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This article is written by a student writer from the Her Campus at VCU chapter.

If hearing that there’s a traffic jam because there’s a loose cow in the road or having horses as your neighbors doesn’t alarm you, chances are you grew up in a small town. While there are definitely perks and quirks to living in a small town, anyone who grew up in a small town can relate to these 10 things:

1. You knew everyone in your high school…and probably their grandma, too. It wasn’t that you were super popular and knew everybody, and it wasn’t that you only knew the people in your graduating class. You knew everyone’s name in your high school, who they dated AND who their siblings were.

2. You had a movie theater that played less than five movies at a time. Don’t expect comfy movie theater chairs, arcade games or showings of the latest movies. This movie theater shows fewer movies than you have fingers, but it’s probably the only source of entertainment you had.

3. Restaurant options were little to none. Craving a chain restaurant or a fancy dinner? Chances are your hometown doesn’t have many of either and you’ll have to travel more than half an hour.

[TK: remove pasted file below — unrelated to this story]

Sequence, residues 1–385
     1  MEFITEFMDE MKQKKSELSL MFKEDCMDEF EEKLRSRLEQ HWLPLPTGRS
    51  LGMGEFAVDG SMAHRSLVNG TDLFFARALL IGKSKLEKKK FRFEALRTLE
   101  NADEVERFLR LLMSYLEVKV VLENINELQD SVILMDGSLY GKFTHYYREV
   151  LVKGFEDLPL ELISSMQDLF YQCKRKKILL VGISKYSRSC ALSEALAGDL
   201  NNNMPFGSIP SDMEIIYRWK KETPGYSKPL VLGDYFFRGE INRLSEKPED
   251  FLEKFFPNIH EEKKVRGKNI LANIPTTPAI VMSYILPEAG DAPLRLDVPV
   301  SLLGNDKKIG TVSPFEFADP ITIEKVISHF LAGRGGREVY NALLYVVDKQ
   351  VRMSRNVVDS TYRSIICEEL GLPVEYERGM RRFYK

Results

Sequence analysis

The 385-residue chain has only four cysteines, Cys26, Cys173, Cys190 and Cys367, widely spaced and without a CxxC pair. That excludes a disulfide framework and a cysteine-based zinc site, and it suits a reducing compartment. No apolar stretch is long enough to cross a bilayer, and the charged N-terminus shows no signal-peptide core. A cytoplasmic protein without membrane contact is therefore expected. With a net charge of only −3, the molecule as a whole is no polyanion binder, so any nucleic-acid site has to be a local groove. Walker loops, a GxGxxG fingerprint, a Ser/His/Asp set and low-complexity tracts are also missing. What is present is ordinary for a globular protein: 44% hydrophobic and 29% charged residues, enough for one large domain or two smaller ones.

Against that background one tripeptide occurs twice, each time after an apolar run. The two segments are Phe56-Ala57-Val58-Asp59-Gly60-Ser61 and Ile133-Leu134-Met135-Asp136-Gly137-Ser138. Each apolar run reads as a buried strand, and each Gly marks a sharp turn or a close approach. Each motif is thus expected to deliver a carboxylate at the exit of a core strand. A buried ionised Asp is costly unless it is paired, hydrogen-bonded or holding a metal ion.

4. Most local businesses are closed on Sundays. You’re starving and try going to five different restaurants, then come to the slow realization that every single place is closed on Sundays.

5. No one in college knows where you’re from. “You’re from…where?” The easiest way to explain where you’re from is to reference the closest major city.

6. You can’t go into Walmart without seeing someone you know. You have to make sure that you have a full face of makeup and hair done for a trip to Walmart because you’ll see at least half of your graduating class.

7. Your teachers often taught your siblings and/or parents at one point or another. Even in your textbooks you’ll find your siblings name in the textbooks.

8. You frequently give directions by acknowledging local landmarks. If someone gives you a street name, you have no idea where you are. You need directions in terms of “blue barn” or “The Smith’s house”.

9. You were often late because you’d get stuck behind a tractor. Add in 15 minutes to each ride to account for any tractors or farm equipment you’ll get stuck behind.

10. Going “downtown” isn’t to a bar or club, it’s to antique shops. When you’re home and you’re parents ask you to go downtown it means something completely different than when you’re at college and your friends ask you to go downtown.

As much as you love to hate it, you’re probably feeling nostalgic and dying to go back now!

photo credits: cover

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